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By Mike McKibbin

Achildhood nutrition aid program in Jefferson County elementary schools survived some growing pains and is gearing up for the upcoming school year.

Community Table, formerly the Arvada Community Food Bank, 8555 W. 57th Ave. in Arvada, oversees the Feeding the Future backpack program.

Community Table is a Colorado nonprofit 501(c)(3) corporation formed in 1982 by Inter-Church ARMS (Arvada Resources for Mind and Spirit) to provide food, financial, physical help and volunteers for qualified community members in Wheat Ridge and Arvada.

The organization’s 2016-17 annual report, noted the first extensive evaluation of the Feeding the Future program in 11 years, led to several changes, including hiring Rocky Baldassare as its first paid program manager.

Doris Stipech is a Community Table board member and volunteers to help Feeding the Future through the Arvada Jefferson Kiwanis Club. She said the change from a volunteer-managed program to one with a paid manager was somewhat controversial.

“We wanted to make sure we connected with as many kids and their families as we could and have them get nutritious snacks, and those they will eat,” Stipech said. “The board wanted to make sure we were feeding the child and we can encourage families to go to the Community Table food bank if they need other help.”

Some resistance from parents and volunteers resulted, she added, “But the cost just wasn’t sustainable. We had too much waste and we felt we were under-utilizing the food bank.”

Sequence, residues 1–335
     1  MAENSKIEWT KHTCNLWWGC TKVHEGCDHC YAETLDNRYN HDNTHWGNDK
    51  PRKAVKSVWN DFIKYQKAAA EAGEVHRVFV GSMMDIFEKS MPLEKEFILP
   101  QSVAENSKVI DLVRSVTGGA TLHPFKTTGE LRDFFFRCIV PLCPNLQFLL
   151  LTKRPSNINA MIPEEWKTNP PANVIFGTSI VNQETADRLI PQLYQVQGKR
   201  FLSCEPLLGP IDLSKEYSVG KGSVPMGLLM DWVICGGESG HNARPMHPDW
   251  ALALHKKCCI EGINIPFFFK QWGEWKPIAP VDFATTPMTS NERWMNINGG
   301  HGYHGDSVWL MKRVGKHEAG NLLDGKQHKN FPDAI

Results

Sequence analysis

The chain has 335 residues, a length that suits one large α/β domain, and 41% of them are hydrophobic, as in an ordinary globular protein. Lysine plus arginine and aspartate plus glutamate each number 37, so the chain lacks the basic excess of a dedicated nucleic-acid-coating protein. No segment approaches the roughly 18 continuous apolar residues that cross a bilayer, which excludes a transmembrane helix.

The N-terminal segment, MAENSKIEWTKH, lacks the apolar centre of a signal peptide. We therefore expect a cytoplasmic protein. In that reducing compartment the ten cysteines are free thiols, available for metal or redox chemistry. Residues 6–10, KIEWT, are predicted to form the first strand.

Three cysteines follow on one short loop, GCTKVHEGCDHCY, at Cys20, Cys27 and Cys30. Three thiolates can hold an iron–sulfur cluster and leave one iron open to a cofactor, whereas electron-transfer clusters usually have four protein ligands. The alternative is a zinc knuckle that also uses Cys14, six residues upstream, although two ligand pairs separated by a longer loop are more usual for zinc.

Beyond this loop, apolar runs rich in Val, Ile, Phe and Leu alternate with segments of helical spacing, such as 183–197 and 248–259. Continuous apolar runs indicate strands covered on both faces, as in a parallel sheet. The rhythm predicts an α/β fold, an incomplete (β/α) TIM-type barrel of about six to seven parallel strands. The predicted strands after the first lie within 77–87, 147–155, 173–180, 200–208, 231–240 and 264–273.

Baldassare explained the program had been sending home canned goods and food that needed to be cooked on the stove for family meals.

“(The board) felt it was not the kids’ job to feed the family; it should be the family feeding the kids,” he added. “The packs were weighing 7 to 10 lbs., so it didn't make sense to have 5- and 6-year-olds carry those home. And many of the kids would take the stuff out they didn’t want to eat anyway.”

Now, each Friday during the school year, each eligible child in three Wheat Ridge and eight Arvada elementary schools – Allendale, Arvada K-8, Fitzmorris, Foster, Kullerstrand, Lawrence, Pennington, Secrest, Stevens, Swanson and Thomson – takes home a pack with peanut butter and jelly pouches, 1 percent shelf-stable milk, cereal pouches, bread, snacks, fruit cups and apples or oranges. Baldassare said each pack has an average cost of $3. To receive the weekend food backpack, parents must register with their participating school.

Homeless children at Fremont, Parr, Peck, Vanderhoof, Campbell and Weber have also participated. Since January 2015, the program has served children enrolled in Jefferson County’s two Head Start locations, where food pantries with non-perishable food are maintained.

Free, Reduced Lunch Participation Is High

The program provides food to more than 1,700 children each weekend during the school year. The schools are Title 1 schools that have a high percentage of children on the free and reduced lunch program, although Baldassare said Community Table does not ask applicants if they are in that program, nor is it a requirement.